Advocates also point out that the FTC doesn't have the authority to regulate ISPs right now. So if the FCC doesn't set rules, no one else can, either. “Under the guise of putting local monopoly ISPs on a level playing field with competitive edge providers, the chairman’s actions will leave consumers without any protections at all," says Dallas Harris, policy fellow at Public Knowledge.
In an unusual move, FTC commissioner Terrell McSweeny and FCC commissioner Mignon Clyburn issued a joint statement last week saying that a rollback of the rules would leave consumers "without a cop on the beat protecting their personal information from misuse by their broadband service provider."
What Happens Next?
Now that the data-security rule has been blocked, attention is moving on to the FCC's other privacy rules. Commissioners could vote to overturn those regulations, as well.
But industry lobby groups have asked Congress to use another tool—the Congressional Review Act—to address the issue. This measure was enacted in the 1990s and was employed successfully for just the second time earlier this month, to repeal a regulation forcing oil, gas, and mining companies to disclose financial transactions with foreign governments. It would cancel the privacy rules and prevent the FCC from revisiting the issue in the future.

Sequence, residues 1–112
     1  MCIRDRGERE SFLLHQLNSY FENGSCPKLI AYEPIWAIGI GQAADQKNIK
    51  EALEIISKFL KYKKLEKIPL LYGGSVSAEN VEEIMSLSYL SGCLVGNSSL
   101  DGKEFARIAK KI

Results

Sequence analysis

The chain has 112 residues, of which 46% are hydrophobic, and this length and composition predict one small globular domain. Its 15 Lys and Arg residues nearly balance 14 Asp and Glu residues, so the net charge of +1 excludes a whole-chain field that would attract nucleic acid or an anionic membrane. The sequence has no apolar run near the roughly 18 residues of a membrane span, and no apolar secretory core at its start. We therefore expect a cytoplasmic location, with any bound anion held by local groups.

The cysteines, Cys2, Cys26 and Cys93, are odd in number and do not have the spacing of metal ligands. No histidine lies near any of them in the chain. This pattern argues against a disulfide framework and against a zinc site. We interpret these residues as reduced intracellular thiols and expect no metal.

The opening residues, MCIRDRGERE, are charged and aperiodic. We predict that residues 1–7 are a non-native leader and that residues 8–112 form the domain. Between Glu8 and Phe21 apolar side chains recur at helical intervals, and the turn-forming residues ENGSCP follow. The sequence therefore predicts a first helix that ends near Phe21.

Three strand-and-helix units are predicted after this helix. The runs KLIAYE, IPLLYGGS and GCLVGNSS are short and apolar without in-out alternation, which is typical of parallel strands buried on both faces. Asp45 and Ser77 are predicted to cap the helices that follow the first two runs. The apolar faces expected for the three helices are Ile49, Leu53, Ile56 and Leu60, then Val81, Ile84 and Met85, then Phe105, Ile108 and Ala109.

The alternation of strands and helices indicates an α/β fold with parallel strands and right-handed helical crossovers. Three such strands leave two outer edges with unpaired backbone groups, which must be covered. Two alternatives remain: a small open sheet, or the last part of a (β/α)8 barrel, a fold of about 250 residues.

Consumer groups oppose that change. "To do away with these essential protections through the Congressional Review Act would be shortsighted," Consumer Reports staff attorney Katherine McInnis says. "The Commission should not be prevented from acting—now or in the future—in the public’s interest to protect consumers’ online privacy.”
The CTIA and NCTA - The Internet & Television Association—the main lobbying groups for the cable and wireless industries—as well as other groups representing ISPs and advertising companies, recently argued in a letter to Congress that the FCC rules "would create confusion and interfere with the ability of consumers to receive customized services and capabilities they enjoy and be informed of new products and discount offers."
The groups had also warned that consumers would be "bombarded with trivial data breach notifications" if the FCC rules were enacted.